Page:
Why We Are Here
By Gil Troy
The Jerusalem Post
January 14, 2008
My family and I returned to Israel from England, on January 2, midway through the second year of our extended Israel adventure. The seventh day of war against Hamas’s rockets added frissons of anxiety to the usual arrival chaos. After an impromptu security check as we deplaned, guards detained one passenger. Our driver met us, saying, “hamatzav kasheh,” the situation is rough. I told my daughter, “We’re going to have to be extra careful wandering around for now.” With a thirteen-year-old’s defiant logic, she replied “then why are we here?”
It was a fair question. We were returning from Limmud a festival of Jewish learning with 900 sessions for 2000 participants in five days at a bucolic, if freezing, English campus. In that British bubble, or our usual Canadian cocoon, we never worried about suspicious objects or avoided riding on buses. I gave my daughter a 5:30 AM airport answer, “because good people don’t cut and run when bad guys start bombing.”
Of course, the answer goes deeper.
We are here, in Israel, because the Jewish people have only one homeland, only one Jewish place running on Jewish time, where we belong as a people, and are not living by anyone else’s good graces. There is nothing like Jerusalem on a Shabbat, on Sukkot, on Yom Kippur. The tranquility, spirituality, community, and history enveloping us and enriching our lives here are unique.
We are here because daily life is also special. Kids roam comfortably, under neighbors’ watchful, even prying, eyes, as adults build this small, still fledgling state, with such potential, and yes, much room for improvement. Many of those Israeli traits that Westerners dislike, the pushiness, the incessant improvisations, are the very characteristics that will help win this war and make this experiment work.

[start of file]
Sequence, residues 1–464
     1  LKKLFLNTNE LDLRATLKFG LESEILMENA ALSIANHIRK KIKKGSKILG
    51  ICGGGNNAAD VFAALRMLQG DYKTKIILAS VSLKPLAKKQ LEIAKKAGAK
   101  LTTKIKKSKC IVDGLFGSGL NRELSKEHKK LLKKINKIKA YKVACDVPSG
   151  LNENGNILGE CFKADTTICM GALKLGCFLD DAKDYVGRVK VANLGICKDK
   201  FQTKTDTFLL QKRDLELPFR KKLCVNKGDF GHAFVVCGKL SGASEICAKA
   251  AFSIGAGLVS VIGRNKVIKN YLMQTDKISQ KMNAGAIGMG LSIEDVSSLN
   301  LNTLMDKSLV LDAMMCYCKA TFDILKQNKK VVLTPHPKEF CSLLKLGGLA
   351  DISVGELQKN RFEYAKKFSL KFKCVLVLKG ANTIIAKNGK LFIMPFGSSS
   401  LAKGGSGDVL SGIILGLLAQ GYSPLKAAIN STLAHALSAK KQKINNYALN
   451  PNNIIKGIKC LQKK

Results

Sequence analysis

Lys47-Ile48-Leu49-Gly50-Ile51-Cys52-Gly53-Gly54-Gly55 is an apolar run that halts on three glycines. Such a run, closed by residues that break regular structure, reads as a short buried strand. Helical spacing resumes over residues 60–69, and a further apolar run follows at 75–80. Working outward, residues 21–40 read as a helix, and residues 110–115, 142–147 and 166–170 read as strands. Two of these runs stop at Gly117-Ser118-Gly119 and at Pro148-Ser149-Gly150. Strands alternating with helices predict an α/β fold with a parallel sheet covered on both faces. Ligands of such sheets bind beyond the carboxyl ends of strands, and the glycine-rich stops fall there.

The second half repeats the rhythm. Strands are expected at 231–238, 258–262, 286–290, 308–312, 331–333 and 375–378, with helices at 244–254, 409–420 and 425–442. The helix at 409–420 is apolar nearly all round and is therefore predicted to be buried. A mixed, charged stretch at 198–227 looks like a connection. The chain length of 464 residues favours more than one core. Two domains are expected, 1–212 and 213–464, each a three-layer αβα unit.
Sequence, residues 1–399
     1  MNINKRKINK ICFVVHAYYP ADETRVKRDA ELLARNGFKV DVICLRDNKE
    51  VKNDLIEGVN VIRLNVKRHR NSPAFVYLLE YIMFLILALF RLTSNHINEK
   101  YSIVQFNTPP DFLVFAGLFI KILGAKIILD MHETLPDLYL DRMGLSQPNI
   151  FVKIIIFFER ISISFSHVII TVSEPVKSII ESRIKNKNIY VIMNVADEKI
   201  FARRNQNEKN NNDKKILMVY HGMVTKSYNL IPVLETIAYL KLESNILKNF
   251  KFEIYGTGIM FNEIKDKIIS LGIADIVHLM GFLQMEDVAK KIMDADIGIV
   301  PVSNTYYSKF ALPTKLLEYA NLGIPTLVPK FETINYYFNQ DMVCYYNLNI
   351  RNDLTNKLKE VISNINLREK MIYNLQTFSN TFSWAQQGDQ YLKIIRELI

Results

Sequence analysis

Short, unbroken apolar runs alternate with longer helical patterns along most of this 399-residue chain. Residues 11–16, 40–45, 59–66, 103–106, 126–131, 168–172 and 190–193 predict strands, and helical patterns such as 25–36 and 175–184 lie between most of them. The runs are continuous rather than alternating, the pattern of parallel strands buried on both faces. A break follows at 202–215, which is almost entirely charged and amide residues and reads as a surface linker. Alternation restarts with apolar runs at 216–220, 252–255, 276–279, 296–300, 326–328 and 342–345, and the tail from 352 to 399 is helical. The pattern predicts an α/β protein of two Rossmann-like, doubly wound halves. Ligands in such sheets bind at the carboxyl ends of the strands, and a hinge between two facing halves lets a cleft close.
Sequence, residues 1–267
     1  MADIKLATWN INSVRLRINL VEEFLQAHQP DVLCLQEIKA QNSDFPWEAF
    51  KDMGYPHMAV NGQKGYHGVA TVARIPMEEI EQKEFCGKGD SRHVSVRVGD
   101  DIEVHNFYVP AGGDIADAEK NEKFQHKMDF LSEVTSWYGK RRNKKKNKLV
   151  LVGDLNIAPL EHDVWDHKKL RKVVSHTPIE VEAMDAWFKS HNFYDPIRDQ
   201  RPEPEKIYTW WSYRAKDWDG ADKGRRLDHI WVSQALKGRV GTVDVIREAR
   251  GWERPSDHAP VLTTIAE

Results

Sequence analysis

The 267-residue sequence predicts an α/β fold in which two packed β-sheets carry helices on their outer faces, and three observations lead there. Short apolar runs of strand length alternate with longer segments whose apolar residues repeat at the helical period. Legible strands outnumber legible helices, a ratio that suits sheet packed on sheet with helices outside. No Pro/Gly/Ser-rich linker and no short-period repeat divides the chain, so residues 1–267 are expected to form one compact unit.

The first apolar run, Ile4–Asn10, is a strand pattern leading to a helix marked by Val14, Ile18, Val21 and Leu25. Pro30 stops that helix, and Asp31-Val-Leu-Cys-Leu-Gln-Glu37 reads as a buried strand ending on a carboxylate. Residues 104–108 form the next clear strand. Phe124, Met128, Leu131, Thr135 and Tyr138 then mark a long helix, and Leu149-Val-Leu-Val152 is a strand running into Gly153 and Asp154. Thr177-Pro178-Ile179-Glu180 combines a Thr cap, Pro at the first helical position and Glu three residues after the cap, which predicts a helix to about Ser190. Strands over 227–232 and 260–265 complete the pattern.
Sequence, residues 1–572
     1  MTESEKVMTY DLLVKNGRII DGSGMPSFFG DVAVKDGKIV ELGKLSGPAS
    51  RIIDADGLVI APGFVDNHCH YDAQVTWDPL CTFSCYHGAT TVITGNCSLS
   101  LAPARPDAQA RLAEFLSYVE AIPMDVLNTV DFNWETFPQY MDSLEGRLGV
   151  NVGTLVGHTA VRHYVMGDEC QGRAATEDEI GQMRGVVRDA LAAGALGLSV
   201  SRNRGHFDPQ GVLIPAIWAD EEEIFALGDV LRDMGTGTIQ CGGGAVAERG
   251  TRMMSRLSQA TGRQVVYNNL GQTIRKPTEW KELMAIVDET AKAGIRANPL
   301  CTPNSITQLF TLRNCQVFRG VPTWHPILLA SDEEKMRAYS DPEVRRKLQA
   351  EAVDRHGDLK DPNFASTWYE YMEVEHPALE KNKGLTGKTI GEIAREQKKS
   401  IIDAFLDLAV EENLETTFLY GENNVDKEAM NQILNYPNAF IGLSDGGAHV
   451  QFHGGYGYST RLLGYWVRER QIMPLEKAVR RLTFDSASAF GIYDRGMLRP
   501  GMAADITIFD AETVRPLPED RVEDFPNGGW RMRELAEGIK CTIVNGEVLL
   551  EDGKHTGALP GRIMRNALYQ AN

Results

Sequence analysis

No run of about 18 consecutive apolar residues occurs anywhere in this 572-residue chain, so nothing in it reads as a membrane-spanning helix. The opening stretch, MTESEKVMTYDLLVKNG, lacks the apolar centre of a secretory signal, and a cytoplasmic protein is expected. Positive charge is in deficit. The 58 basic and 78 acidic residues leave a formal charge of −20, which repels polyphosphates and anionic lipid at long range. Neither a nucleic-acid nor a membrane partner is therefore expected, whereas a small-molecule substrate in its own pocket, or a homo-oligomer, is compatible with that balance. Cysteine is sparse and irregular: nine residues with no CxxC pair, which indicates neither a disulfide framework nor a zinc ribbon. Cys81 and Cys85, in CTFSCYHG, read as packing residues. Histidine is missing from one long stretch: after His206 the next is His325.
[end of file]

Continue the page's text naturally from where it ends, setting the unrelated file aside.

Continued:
We are here because we like Jerusalem’s many “meaning Junkies,” as one friend calls them, seeking more to life than the latest pop culture trends, hoping to root our lives in enduring values.
We are here because when we wander around Jerusalem’s Old City or delight in Tel Aviv’s modernity, when we remove ancient pots from the ground or buy modern artistic knickknacks, we do it with the heroes of Jewish history sitting proudly on our shoulders: Devorah the Prophetess or David the king, Sara Aharonson the NILI spy or Menachem Begin the fighter turned peace-maker, Golda Meir the prime minister who also left America’s comforts or David Ben Gurion, the prime minister who knew when to compromise in accepting the UN Partition Plan and when to plunge ahead in declaring the state despite American and Jewish calls to wait.
We are here because our great-grandparents could not be but dreamed of being here, because one grandfather fought in the 1948 War for Independence, and another helped smuggle weapons from New York so Israel could be free. For generations Jews have been singing BeShanah HaBa’ah B’Yerushalayim, Next Year in Jerusalem. This is our time to be in Jerusalem, build Jerusalem and be rebuilt by Jerusalem, not sing about it like some impossible dream.